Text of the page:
The comparative and functional cranial morphology of the early Therocephalia (Amniota: Therapsida)

Van den Heever, Jurgens Abraham (1987)

Thesis (D.Phil)—Stellenbosch University, 1987.

Thesis

AFRIKAANSE OPSOMMING: Die skedelmorfologie van die vroeë Therocephalia word bespreek op historiese, anatomies-vergelykende en taksonomiese grondslag. Daar word aangetoon dat die familienaam Scylacosauridae voorrang geniet bo die algemeen aanvaarde naam Pristerognathidae en dat ander historiese familiename binne die Therocephalia, te wete Alopecodontidae en Ictidosauridae ongeldig is en gevolglik binne die parameters van die enkele familie Scylacosauridae resorteer. Nuwe eksemplare het ook aan die lig gebring dat 'n digotomie binne die vroee Therocephalia bestaan en dat 'n tweede takson, gebaseer op 'n groot aantal anatomiese kenmerke, gevolglik uitgeken kan word. Die familienaam Lycosuchidae is beskikbaar vir hierdie takson. Al die geldige taksa wat voorheen in die Pristerognathidae, Lycosuchidae, Alopecodontidae en Ictidosauridae gegroepeer is, resorteer dus binne hierdie twee groepe. 'n Groot aantal taksa bestaan in die literatuur as gevolg van swak gepreserveerde eksemplare wat verkeerd geidentifiseer is. 'n Besondere poging is dus aangewend om al die eksemplare op 'n meer objektiewe grondslag te beoordeel. As gevolg hiervan het die aantal geldige taksa drasties afgeneem. Die Lycosuchidae word verteenwoordig deur die enkele takson Lycosuchus en die Scylacosauridae deur Scylacosaurus, Pristerognathus, Pardosuchus, Ictidosaurus, Glanosuchus en Alopecodon. Kladistiese analise van die afkomskenmerke toon dat die Scylacosauridae nader verwant aan die res van die Therocephalia is as aan die Lycosuchidae. Die Lycosuchidae word dus beskou as die sustergroep van die Scylacosauridae + die res van die Therocephalia. Numeriese en alfabetiese lyste van al die eksemplare wat ooit in die bostaande families geplaas is, word verskaf. Elke eksemplaar word uitvoerig bespreek en fotografies gedokumenteer met behulp van stereofotos in 'n poging om die evaluering daarvan so objektief as moontlik te maak en om die leser wat nie die eksemplare eerstehands kon inspekteer nie, te help.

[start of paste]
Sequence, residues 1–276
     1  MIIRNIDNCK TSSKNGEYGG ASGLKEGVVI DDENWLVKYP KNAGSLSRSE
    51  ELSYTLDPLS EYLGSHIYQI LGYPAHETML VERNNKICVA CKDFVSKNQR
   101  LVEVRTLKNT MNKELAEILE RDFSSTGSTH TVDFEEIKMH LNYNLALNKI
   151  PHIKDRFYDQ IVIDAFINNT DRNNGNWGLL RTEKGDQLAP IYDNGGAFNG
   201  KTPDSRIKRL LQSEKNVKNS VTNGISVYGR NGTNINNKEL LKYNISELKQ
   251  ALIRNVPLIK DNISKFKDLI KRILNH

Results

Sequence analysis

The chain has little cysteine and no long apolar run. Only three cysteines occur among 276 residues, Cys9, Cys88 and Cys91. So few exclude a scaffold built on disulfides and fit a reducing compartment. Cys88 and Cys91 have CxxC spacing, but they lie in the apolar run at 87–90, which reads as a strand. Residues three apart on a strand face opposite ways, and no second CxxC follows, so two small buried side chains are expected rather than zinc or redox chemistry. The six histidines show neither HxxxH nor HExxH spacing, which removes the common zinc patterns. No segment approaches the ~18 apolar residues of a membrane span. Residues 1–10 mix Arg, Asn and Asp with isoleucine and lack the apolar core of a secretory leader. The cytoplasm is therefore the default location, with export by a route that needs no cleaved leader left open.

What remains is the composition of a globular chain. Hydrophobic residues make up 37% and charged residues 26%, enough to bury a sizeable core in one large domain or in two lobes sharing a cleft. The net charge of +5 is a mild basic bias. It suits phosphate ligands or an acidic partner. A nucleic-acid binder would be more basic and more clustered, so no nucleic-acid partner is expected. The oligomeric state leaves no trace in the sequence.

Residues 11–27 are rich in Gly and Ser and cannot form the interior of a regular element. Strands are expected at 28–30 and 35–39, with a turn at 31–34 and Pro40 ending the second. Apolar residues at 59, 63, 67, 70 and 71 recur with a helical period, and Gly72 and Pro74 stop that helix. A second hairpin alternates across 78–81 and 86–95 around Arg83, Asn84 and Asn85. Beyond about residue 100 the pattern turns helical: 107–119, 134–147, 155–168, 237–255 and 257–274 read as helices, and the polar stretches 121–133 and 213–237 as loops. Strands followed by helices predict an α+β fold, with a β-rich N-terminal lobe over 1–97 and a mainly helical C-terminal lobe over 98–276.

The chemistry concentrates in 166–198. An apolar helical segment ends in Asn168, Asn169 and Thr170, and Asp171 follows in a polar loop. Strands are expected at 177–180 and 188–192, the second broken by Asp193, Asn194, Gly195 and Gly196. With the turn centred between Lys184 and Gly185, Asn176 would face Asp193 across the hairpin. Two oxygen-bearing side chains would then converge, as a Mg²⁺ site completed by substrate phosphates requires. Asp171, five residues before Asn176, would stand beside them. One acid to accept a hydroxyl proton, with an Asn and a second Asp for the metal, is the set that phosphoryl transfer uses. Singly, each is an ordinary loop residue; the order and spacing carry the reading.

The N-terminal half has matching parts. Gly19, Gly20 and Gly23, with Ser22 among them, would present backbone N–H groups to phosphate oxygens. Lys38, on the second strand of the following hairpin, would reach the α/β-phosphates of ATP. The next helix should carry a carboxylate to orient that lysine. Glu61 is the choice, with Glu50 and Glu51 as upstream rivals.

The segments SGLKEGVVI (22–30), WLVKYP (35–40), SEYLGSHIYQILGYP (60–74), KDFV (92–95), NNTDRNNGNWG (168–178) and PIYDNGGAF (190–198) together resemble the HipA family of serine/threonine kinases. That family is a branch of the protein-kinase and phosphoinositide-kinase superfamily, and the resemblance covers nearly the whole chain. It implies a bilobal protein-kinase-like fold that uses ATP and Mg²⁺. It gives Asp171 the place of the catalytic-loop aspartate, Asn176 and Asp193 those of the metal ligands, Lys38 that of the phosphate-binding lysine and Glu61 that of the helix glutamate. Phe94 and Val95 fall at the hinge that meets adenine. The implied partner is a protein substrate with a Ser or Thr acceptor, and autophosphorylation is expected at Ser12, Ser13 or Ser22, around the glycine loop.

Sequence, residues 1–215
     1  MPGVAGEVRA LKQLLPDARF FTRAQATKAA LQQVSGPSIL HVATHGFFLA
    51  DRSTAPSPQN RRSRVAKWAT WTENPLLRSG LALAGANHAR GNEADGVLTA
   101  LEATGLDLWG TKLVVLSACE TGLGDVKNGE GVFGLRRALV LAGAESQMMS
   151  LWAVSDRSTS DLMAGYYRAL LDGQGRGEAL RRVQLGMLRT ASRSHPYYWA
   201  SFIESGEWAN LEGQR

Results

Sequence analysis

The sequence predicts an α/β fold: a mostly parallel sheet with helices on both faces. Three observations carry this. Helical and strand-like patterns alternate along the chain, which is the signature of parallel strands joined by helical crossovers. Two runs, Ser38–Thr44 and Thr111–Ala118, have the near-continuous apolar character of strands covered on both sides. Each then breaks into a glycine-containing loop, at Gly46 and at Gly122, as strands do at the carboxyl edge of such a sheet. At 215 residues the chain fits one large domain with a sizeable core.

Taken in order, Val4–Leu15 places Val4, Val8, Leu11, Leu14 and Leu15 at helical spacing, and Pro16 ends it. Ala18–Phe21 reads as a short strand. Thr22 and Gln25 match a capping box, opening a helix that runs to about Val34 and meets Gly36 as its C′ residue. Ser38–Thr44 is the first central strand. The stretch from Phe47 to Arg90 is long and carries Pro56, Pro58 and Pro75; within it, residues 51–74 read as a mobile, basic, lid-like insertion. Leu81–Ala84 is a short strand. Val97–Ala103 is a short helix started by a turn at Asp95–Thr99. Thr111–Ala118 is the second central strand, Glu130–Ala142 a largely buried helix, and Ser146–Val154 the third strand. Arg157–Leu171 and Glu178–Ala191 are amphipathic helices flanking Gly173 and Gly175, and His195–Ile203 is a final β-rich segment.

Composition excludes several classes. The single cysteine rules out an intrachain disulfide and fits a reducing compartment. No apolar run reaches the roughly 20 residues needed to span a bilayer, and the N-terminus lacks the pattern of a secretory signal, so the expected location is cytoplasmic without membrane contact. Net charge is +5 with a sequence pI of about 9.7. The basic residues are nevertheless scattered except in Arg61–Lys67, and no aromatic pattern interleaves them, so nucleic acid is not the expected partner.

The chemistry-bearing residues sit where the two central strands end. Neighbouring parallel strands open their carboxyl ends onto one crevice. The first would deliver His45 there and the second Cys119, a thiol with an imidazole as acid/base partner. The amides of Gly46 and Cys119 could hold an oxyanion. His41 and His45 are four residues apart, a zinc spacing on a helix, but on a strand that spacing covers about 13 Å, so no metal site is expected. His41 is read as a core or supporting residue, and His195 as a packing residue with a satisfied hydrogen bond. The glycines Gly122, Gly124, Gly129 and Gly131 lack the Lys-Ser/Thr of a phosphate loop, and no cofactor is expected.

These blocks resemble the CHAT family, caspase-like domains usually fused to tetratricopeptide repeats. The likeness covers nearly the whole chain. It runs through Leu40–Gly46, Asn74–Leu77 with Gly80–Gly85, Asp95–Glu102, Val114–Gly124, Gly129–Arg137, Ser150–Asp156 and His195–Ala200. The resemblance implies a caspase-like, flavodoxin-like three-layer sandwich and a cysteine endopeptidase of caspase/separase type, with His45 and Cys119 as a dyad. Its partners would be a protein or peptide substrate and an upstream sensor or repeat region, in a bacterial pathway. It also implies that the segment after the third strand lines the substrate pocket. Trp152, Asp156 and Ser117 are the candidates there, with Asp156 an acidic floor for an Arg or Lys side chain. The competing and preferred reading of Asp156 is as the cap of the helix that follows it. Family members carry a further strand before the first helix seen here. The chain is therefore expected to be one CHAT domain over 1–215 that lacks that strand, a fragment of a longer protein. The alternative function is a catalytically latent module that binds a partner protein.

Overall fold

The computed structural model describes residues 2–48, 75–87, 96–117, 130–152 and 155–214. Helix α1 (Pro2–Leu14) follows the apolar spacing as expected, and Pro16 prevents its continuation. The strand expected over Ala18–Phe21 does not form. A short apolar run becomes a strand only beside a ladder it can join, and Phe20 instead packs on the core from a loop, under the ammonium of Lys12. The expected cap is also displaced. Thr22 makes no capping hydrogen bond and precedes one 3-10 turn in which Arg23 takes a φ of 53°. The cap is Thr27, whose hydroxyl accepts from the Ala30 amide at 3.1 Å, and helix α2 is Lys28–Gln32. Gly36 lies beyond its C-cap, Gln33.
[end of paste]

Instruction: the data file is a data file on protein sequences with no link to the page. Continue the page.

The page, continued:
ENGLISH ABSTRACT: The cranial morphology of the early Therocephalia is discussed on a historical, comparative and a taxonomic basis. It is shown that the family name Scylacosauridae has precedence over the generally used name Pristerognathidae and that other historical therocephalian family names viz. Alopecodontidae and Ictidosauridae fall within the parametres of the Scylacosauridae and are consequently invalid. In addition, new material has shown that a dichotomy exists within the early Therocephalia and a second taxon, based on a large number of anatomical features, can consequently be identified. The family name Lycosuchidae is available for this taxon. Into these two groups are incorporated all the valid taxa previously placed in the Pristerognathidae, Lycosuchidae, Alopecodontidae and Ictidosauridae. Because a large number of taxa exist in the literature as the result of poor specimens wrongly identified, a particular attempt was made to assess all the material on a more objective basis. As a result the number of valid taxa has been drastically reduced. The Lycosuchidae is represented by the single taxon Lycosuchus and the Scylacosauridae by Scylacosaurus, Pristerognathus, Pardosuchns, Ictidosaurus, Glanosuchus and Alopecodon. Cladistic analysis of the derived characters indicate that the Scylacosauridae is more closely related to the rest of the Therocephalia than to the Lycosuchidae. The Lycosuchidae is therefore the sister group of the Scylacosauridae + rest of the Therocephalia. Numerical and alphabetical lists of all specimens ever included in the above families are supplied. Each specimen is extensively discussed and photographically documented by means of stereo photographs in an effort to increase the objectivity of the assessment and to assist those readers whom may not have had the oppurtunity to inspect all the specimens at first hand.

Please refer to this item in SUNScholar by using the following persistent URL: http://hdl.handle.net/10019.1/65930
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